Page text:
I had the good fortune of visiting the home of 230 Squadron yesterday and met some past and present members of the Squadron - my only regret on the day were pressing family matters that prevented me from staying on for the evening...
    Our host being Fl Lt Richards; the day started with refreshments and an introduction from the incomming Wg Cdr Cormack, who stressed the importance of their history and remembering it - they have a great sense of their history and are rightfully proud of it... their headquarters are litterally littered with memorabilia...
    A visit to the simulator department was the next port of call; I got a chance to view a Merlin setup and hands-on with a Puma that I took on a "flight" round Benson and successfully landed the beastie on the runway - being surrounded by so many professionals and veterans I was very pleased the PC sim time has paid off - one of the programmers decided to send a Mig 29 across my path half way through... :D
    Lunch (on 230) was followed by a briefing on recent events, including their involvement in the recent Olympics.
    Following that we were split into two groups and mine was 1st sent to their history room - very well laid out with plenty to see, though most of their wartime material is held off-site.
    We then were taken to the hangers to see some of the Puma and look around their day-to-day activities.
    This was rounded off with a final briefing and the association retired back to the hotel for their AGM and an evening meal, where they were scheduled to be meeting up with members of the Squadron too...
    An excellent day and my thanks go to both the Association and the Squadron.

    A positive for me was an offer from of assistance in my research from the Squadron and some contacts from members of the Association who may be able to assist...

    I am sorting some material to post here in the next few weeks, detailing full crews, total flights and total figures rescued - the last month or so has been most enlightening...

    A negative comment is that Kermit Weeks, owner of the last "airworthy" Sunderland, who may be in the process of returning his aircraft to MkV status, recently let the Squadron know that this will not be airworthy again for some time... :(
     
  16. bamboo43

    bamboo43 Very Senior Member

    Sounds like a great day all round HC, well done.:D

    Now you may have the keys to the golden archive too. Everything comes to he who..........................dares.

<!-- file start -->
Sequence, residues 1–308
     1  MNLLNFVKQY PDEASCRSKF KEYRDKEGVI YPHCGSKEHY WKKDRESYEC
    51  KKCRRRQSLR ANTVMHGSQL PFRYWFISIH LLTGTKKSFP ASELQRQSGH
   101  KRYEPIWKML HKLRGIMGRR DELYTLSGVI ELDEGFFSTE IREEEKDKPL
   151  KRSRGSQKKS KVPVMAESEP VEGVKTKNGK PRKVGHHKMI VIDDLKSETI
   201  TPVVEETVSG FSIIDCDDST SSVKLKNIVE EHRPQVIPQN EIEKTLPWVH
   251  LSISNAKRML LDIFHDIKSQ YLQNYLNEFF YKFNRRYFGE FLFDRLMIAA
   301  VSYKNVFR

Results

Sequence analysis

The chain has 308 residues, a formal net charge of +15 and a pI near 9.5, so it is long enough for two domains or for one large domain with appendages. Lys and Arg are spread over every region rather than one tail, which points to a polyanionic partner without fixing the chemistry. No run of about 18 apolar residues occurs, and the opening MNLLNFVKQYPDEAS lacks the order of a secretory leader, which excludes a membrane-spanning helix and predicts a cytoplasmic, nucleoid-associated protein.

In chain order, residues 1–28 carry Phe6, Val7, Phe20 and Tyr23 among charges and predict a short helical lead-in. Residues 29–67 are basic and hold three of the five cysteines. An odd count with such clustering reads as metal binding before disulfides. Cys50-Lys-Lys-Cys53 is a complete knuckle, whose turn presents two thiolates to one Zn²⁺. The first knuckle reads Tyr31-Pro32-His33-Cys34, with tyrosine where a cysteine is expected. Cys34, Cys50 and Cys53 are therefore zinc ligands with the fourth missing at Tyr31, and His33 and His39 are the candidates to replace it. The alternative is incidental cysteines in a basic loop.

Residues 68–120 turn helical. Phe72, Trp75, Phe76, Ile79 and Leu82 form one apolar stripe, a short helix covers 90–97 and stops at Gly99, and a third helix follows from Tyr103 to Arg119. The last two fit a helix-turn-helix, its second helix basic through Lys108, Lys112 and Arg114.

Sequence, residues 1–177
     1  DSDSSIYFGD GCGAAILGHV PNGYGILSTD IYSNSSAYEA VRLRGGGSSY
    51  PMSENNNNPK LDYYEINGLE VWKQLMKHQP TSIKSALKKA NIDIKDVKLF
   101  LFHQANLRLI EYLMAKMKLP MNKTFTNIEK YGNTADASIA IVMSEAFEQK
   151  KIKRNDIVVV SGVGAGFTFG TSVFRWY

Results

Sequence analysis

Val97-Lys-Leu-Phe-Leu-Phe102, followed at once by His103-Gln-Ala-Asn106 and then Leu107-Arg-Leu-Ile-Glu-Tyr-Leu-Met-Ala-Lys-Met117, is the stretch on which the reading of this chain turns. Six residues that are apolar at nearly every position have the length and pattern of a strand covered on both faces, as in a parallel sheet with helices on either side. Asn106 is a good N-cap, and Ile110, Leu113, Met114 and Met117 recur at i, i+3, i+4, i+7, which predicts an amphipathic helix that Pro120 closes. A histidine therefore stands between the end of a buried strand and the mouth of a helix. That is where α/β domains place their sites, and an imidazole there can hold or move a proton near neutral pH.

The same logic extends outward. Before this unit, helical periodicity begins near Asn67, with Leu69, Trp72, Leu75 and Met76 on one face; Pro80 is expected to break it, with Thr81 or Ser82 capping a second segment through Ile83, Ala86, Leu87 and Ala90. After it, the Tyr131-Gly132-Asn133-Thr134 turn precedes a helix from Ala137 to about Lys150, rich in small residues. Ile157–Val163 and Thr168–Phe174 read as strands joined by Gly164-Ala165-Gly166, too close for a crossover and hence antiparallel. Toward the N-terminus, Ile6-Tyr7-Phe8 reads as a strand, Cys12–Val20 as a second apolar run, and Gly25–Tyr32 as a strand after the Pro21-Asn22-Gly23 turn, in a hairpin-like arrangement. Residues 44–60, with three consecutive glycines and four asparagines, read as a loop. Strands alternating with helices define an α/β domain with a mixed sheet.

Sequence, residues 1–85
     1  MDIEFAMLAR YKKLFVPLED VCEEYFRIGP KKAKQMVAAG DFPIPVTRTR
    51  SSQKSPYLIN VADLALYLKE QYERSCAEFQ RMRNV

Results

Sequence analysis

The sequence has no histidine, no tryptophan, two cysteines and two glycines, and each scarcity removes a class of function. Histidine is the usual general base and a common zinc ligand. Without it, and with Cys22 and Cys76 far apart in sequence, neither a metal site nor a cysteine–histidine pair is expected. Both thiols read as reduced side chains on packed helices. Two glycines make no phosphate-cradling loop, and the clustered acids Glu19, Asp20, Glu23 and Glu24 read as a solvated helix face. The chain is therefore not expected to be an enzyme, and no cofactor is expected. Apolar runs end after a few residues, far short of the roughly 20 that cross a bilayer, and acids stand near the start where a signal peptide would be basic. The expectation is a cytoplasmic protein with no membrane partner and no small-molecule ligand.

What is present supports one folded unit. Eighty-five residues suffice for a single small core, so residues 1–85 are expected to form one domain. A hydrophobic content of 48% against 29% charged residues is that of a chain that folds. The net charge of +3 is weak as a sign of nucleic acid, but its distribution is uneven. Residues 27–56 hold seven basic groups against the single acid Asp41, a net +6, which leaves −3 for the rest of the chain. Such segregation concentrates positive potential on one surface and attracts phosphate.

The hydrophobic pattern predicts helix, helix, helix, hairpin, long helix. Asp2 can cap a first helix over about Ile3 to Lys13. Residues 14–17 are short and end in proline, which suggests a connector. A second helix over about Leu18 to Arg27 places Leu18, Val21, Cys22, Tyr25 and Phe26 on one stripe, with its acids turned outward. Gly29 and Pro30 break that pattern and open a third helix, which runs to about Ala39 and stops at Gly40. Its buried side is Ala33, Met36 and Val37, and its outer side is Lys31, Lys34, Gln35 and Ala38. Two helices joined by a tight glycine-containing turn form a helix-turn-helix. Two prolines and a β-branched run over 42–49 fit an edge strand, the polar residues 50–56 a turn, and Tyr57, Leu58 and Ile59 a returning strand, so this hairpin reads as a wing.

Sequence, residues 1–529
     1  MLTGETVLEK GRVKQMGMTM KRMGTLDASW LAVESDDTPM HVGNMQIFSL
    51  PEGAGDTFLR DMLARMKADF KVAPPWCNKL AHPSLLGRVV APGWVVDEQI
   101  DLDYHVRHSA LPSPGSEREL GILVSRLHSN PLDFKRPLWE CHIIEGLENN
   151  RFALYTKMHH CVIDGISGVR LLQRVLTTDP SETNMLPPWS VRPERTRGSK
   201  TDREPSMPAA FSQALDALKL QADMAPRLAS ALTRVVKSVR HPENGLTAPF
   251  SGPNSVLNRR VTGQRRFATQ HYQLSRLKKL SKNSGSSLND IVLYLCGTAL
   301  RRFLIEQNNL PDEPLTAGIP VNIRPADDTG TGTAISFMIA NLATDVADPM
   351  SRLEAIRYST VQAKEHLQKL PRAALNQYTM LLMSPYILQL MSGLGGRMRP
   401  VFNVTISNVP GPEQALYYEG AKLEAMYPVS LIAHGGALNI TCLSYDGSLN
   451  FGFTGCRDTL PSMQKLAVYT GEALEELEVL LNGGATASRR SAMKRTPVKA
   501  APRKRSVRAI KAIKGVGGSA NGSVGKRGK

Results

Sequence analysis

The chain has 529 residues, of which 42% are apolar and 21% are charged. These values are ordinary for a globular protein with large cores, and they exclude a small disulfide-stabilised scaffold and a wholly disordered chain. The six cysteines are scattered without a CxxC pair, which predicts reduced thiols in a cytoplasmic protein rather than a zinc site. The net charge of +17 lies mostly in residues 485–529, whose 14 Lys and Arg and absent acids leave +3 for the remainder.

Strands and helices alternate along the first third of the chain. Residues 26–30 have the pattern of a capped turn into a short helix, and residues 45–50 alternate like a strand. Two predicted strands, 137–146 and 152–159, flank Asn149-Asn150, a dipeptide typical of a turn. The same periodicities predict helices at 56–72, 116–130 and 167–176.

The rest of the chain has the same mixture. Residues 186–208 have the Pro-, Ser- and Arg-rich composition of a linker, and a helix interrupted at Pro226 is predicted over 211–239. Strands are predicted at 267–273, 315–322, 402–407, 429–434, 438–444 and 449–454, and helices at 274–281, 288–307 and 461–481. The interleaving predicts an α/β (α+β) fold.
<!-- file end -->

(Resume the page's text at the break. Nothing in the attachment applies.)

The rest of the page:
17. Hebridean Chindit

    Hebridean Chindit Lost in review...

    Time I started bringing this up to date and posting some stuff I've now got...

    This is the image from AWM of the crew of DP180/"O"/"Gert"/"Cheesecake"... reference SUK13908
    http://cas.awm.gov.au/screen_img/SUK13098
    Left to right: Flight Lieutenant John "Jack" Rand DFC, pilot; Flying Officer Vernon Noel Verney DFC RAAF, navigator; Flt Sgt F Wright, co-pilot; Warrant Officer Ray Geurtin, RCAF, 1st Wireless Officer; Flt Sgt R Tucher, wireless operator; Flt Sgt D Butcher, wireless operator; Flt Sgt R Webber, flight engineer; Flt Sgt H Neeve, flight engineer; Flt Sgt J B Knox, air gunner; Squadron Leader Louis Frank Middleton DFC, detachment commander.
    Middleton, Rand and Verney all earnt their DFC's for this operation.

    More to follow...
     

    Attached Files:

  18. Hebridean Chindit

    Hebridean Chindit Lost in review...

    My confusion about other aircraft flying wounded out from here is compounded by the following... both of these articles allude to the use of these aircraft in the Burmese conflict...

    This one of an L5 is from page 23 of the January 1944 edition of Flying...
    [​IMG]
    These two images are from what appears to be a Stinson advert regarding L1A's in use in Burma with EDO floats (capable of landing on water or land) from page 5 of the May 1945 issue of Flying...
    [​IMG]
    [​IMG]
    Still not happy as to which of these were involved with my sphere of research, so...
     
  19. bamboo43

    bamboo43 Very Senior Member

    Nice pics HC. I have finally set up my new IMAC, bloody brilliant, amazing new gadgets and stuff, dictation straight onto Word and Text edit, not perfect but will help no end with the website editing.

    What has this got to do with 'Gert and Daisy' I hear you exclaim!:)

    Well it means I can now view the larger files the good people on here have sent me over the last couple of years and this includes 77IIB HQ 1944 (oh yes that one). It mentions Cheescake and G&D on a few of the pages, I will dig these out for you and post or email tomorrow.

    Cheers

    Steve
     
  20. Wills

    Wills Very Senior Member